Lee-Ann Hill can talk river recreation, ecology and farming with equal ease and enthusiasm, making her a good fit to lead Dolores River Boating Advocates since all three topics make up the sum of the river.
Hill takes over from former program coordinator Jay Loschert , who recently moved from the area.
"Jay did an incredible job, and I'm looking forward to a strategic planning session with the board to see what the next chapter is," Hill said in an interview. "I have a real passion for the river and I want to organize boaters to pursue common goals."
Hill promoted river health and compromise between users while working for San Juan Citizen's Alliance and the Dolores River Coalition. She has a background in ecology and is an experienced boater.
"I've been doing conservation field work and environmental education so I was really attracted to this position. The name Dolores River Boating Advocates really says it all," she says.
Mention a river and Hill turns loquacious as she expertly covers a range of river issues, from rafting flows and boating ethics to native fish habitat and endangered plants and animals.
Her fluvial commentary focuses on sharing the river for recreation, science, agriculture and for overall wellbeing.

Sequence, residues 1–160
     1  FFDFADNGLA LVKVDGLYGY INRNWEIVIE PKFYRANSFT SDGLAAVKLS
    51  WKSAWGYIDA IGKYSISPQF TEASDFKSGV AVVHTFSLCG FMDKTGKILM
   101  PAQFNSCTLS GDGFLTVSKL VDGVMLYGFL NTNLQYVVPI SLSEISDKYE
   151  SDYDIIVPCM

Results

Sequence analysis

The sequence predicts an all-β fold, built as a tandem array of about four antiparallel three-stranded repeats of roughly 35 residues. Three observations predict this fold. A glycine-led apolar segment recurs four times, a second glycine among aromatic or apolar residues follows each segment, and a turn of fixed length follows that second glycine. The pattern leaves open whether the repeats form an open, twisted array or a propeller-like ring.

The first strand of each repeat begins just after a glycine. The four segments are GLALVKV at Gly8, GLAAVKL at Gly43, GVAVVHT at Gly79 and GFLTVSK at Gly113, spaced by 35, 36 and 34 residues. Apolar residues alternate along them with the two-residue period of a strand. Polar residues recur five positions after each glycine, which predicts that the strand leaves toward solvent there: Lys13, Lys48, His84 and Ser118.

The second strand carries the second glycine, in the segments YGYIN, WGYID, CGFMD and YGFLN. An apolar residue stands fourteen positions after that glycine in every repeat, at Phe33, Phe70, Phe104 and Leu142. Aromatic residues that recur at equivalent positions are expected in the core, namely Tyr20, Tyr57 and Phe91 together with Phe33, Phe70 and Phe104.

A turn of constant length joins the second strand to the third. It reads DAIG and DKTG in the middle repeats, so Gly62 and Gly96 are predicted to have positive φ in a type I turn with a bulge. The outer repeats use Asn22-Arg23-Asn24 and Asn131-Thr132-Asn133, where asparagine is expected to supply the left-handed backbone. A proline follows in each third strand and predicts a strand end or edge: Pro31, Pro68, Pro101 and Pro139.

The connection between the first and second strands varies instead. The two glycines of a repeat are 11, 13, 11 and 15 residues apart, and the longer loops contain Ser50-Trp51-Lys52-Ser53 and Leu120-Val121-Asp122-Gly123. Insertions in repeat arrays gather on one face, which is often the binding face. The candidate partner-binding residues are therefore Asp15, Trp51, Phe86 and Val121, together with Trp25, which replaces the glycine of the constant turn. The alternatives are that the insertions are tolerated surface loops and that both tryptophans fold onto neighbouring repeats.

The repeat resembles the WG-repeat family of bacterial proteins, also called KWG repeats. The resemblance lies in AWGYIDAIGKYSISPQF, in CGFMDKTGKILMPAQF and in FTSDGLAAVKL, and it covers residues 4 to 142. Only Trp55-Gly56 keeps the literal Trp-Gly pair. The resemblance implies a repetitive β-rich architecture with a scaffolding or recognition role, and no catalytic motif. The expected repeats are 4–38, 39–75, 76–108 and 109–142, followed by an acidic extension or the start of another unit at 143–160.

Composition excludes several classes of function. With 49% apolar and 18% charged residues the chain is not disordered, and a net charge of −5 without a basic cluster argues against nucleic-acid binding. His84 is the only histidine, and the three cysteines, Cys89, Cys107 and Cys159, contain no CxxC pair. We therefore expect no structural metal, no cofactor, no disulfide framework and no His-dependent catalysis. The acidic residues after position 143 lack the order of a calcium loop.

"This day and age, compromise is the name of the game. I want to take a farmer boating who might not have ever had the chance or gear to do so. With the low water recently, I see opportunity to provide hiking tours of the lower canyons to educate the public about riparian health, wildlife and river ecology."
She is impressed at the boating community's willingness to sacrifice the timing of rafting flows below the dam to better accommodate the habitat needs of native fish.
"Releasing earlier from the dam mimics more of a natural hydrograph that is more favorable to native fish. A release in early May is not the ideal time for boaters because it can be a lot colder weather so it shows they are taking a larger view of the river's needs."
Advocating for boaters' interests is also a focus of the group. Rafting the lower canyons depends on releases from McPhee dam and reservoir. Working with reservoir managers to provide more predictable rafting flows that are compatible with fish needs will be a priority for Hill.
Native fish in the river indicate a healthy ecosystem, Hill said, as does protecting threatened species in the river basin like the canyon tree frog and kachina daisy. Promoting a healthy environment is good for humans and wildlife, she says, adding that there is room for diverse interests.
"We all have different perspectives and livelihoods that depend on the Dolores River, and the puzzle is to put it all together so we all benefit," Hill said. "Dolores Boating Advocates is a dynamic group. We take a watershed approach to the river and work with various users."
Check out Dolores River Boating Advocates at http://doloresriverboating.org/